Ask the Captain: Do vital functions on planes have backup power?

Airline passengers wait to be rescued on the wings of a US Airways jetliner that safely ditched in the frigid waters of New York's Hudson River on  Jan. 15, 2009.

Question: Can you tell me if there is backup power for every crucial device on an aircraft, i.E. The landing gear, flaps, rudder and all other important parts of the plane, in the event of power failure?

— Submitted by reader David, U.K.

Answer: There are redundant systems for all critical systems. As an example, there is a backup to extend the landing gear if the primary hydraulic system fails. Flaps and flight spoilers have backup systems too. Some items, such as ground spoilers may not have a backup; in those cases the pilots calculate the landing distance with the inoperative component to ensure the runway is long enough.

Pilots practice landing with inoperative systems in the flight simulator to ensure their familiarity with the procedures.

Q: Capt. Cox, aboard a 737 at DFW, the pilot advised us after landing that the outside air temperature was about 105º and recommended everyone pull down their window shades and open overhead air nozzles to keep cabin temperatures down because the plane’s APU, which would normally provide climate conditioning at the gate, was out of order. I was shocked to realize that our aircraft was considered airworthy without a functional APU. It’s not that I care about the A/C comfort levels…It’s about the Miracle on the Hudson, when Capt. Sully had to rely on his APU to keep control of the aircraft. Is it true that the APU is considered a non-critical item in the airworthy checklists?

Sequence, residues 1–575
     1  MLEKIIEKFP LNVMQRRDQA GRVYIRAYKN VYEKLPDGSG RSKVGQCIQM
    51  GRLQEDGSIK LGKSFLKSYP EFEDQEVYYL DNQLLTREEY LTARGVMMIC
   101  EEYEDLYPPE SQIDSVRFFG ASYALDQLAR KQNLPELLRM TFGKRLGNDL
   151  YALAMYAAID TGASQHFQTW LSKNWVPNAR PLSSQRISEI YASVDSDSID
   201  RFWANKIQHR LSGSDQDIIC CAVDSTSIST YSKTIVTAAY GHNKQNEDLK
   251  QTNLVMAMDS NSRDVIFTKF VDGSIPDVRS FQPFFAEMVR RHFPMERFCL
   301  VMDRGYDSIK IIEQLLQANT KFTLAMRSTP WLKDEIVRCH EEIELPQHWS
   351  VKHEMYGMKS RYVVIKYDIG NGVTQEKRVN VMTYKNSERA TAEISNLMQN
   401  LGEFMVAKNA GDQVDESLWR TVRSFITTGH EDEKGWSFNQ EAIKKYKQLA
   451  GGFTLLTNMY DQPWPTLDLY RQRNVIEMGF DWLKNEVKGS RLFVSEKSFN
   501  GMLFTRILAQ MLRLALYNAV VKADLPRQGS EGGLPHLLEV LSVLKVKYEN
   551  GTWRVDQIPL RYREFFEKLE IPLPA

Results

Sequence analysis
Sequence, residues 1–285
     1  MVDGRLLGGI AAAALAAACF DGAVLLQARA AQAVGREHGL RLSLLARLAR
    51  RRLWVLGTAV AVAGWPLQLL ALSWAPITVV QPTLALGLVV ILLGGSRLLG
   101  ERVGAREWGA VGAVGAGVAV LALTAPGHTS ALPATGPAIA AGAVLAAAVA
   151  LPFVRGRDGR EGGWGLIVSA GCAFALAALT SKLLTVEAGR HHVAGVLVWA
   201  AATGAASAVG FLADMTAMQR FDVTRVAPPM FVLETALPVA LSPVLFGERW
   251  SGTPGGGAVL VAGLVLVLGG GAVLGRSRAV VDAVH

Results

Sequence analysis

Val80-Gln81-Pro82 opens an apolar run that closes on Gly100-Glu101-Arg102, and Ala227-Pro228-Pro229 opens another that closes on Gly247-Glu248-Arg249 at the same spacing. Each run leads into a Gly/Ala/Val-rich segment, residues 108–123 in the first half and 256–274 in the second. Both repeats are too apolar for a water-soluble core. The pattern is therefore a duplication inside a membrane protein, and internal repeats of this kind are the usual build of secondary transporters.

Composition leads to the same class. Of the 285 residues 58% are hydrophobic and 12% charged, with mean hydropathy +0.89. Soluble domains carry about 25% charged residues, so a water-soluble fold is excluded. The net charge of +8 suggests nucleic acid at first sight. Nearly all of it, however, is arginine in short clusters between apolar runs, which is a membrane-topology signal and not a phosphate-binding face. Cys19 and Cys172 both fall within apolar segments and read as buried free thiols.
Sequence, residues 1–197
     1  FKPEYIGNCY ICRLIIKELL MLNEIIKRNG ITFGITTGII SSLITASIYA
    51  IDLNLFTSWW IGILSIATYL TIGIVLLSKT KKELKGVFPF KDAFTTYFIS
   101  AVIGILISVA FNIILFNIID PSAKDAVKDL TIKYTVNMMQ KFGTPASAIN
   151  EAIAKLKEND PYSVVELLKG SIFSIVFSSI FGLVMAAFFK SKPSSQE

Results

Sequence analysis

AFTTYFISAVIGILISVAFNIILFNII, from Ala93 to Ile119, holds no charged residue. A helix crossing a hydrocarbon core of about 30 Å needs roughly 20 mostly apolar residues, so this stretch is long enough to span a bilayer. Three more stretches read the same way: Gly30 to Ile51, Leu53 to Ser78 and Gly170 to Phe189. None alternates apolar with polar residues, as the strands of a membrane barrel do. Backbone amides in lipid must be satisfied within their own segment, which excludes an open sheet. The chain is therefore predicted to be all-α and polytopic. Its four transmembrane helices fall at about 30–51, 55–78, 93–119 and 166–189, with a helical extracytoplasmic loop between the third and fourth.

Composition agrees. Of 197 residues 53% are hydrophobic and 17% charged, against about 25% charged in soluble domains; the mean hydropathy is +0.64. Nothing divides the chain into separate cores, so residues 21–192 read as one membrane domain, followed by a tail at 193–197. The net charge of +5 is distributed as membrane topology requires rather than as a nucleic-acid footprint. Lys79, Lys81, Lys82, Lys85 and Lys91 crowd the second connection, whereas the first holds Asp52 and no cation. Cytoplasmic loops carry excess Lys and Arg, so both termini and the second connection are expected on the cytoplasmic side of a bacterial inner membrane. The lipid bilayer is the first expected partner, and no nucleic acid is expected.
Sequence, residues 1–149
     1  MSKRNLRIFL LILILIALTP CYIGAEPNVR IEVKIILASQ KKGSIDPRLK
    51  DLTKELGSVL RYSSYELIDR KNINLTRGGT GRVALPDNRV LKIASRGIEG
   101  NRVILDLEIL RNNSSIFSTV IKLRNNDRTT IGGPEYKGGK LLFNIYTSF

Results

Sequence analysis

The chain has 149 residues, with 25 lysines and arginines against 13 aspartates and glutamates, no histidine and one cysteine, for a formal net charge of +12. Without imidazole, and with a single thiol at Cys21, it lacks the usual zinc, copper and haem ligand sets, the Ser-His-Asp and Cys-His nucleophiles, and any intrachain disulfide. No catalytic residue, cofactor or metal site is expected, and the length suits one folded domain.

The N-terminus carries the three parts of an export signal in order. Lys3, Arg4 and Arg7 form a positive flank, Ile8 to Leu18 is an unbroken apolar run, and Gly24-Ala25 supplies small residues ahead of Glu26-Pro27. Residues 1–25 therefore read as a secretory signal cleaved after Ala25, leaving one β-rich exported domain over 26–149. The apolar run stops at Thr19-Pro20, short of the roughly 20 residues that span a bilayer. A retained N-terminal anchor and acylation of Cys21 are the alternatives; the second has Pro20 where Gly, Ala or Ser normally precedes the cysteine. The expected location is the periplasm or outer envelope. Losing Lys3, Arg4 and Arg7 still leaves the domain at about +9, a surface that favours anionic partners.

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— Sandy, Los Angeles.

A: Every airplane has a Minimum Equipment List (MEL) that lists all the systems or components that may be inoperative for a flight. The MEL also states restrictions that would apply to a flight with an inoperative component.

Determination of which components are allowed to be inoperative utilizing the MEL, the restrictions, and the duration that a component is permitted to be inoperative are the result of meetings with the operators, manufacturers, FAA, and often pilot union representatives. This process has a long history of success.

Inoperative items utilize the built-in redundancy in modern airplanes. As an example, a 737 or A320 has three generators onboard (one on each engine and one attached to the APU). It is permissible to fly for a few days with one generator inoperative, provided the other two are operating. This allows the flight to be on-time without any compromise in safety. If, during the time when one generator is inoperative, another generator fails, a landing at the nearest suitable airport is required.

Airlines have safely utilized the MEL for decades. I have been involved in MEL meetings to determine the restrictions for inoperative components for the B737. The professionalism of the experts is very high and I support their decisions.

Your example of US Airways 1549 overlooks the fact that when the second engine failed, the Ram Air Turbine would provide backup electrical and hydraulic power. While not as capable as the APU, it would have provided power for flight instruments for the captain and flight-control computers and hydraulic power for the flight controls. I think Captain Sullenberger would have had a similarly successful landing if he were flying on power from the Ram Air Turbine rather than the APU.

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John Cox is a retired airline captain with U.S. Airways and runs his own aviation safety consulting company, Safety Operating Systems.

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